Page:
Mexican Gothic by Silvia Moreno-Garcia

This newly published horror thriller has already been put into development by Hulu according to recent news. The drama series will be based on Silvia Moreno-Garcia’s bestselling novel, and produced by Kelly Ripa and Mark Consuelos’ Milojo Productions and ABC Signature. Set in 1950s Mexico, Mexican Gothic follows glamorous and young socialite Noemí from her home in Mexico City to the dismal grounds of High Place, a gloomy English manor styled estate in the Mexican countryside. She is there to check in on her newlywed cousin after receiving a frantic letter begging for someone to save her. What will she discover about this odd family and strange house?

Are there any big or small screen adaptations that you are really excited about this year? Share in the comments!


The Nothing Man by Catherine Howard Ryan

Eve Black was twelve years old when her family-mother, father, and little sister-were murdered in their home. It was only chance that spared Eve. She spent the rest of her childhood with her grandmother never speaking of the events that destroyed their lives. As an adult, Eve became determined to find the serial killer known as the Nothing Man. A college assignment turned into her true-crime memoir, the first step on her journey. Now, she’s on a book tour that takes her back to the scene of the crime and seemingly everyone is reading about her trauma, everyone including the Nothing Man himself. With every page he reads his rage and panic grows. His only loose end has come back to haunt him.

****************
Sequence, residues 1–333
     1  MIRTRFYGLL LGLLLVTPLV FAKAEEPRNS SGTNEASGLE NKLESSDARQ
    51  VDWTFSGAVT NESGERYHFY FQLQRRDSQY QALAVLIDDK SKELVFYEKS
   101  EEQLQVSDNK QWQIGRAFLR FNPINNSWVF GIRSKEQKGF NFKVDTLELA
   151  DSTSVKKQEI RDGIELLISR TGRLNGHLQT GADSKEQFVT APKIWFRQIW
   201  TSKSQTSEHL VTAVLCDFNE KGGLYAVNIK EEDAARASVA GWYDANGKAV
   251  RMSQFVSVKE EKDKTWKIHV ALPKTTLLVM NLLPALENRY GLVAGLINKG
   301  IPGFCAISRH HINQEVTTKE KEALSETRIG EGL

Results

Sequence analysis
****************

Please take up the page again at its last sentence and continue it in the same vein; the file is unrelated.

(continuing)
This book ticks all my boxes!

  • A book within a book
  • A true crime “memoir”
  • Pursuit of justice
  • Surprise twists
  • A potentially unreliable narrator
  • An Irish setting and Irish audiobook narrators

The story of the Nothing Man is told from two perspectives. Readers experience Eve’s memoir along side Jim Doyle, the sixty-something store security guard who killed the Black family nearly two decades ago. The memoir portion reads as an homage to Michelle McNamara and her quest for the Golden State Killer, while Jim’s unraveling ratchets up the tension. This is a must read for fans of true crime and psychological thrillers.

Thanks to Netgalley and Blackstone Publishing for an advanced audio copy of this book.

~Megan

Book Review- The Only Good Indians by Stephen Graham Jones

I recently finished Stephen Graham Jones’ latest novel, The Only Good Indians, and haven’t been able to stop thinking about it. The book is amazing, and unlike anything I’ve read. Teetering along a fine line between literary horror (yes, there is some disagreement as to whether that exists but I strongly support the notion that it does), a straight-up revenge story, and multi-faceted narratives of various Native American experiences, it delivers some serious gore alongside real emotional pain. It’s wildly atmospheric and to put it plainly, weird. Weird in the very best way, of course.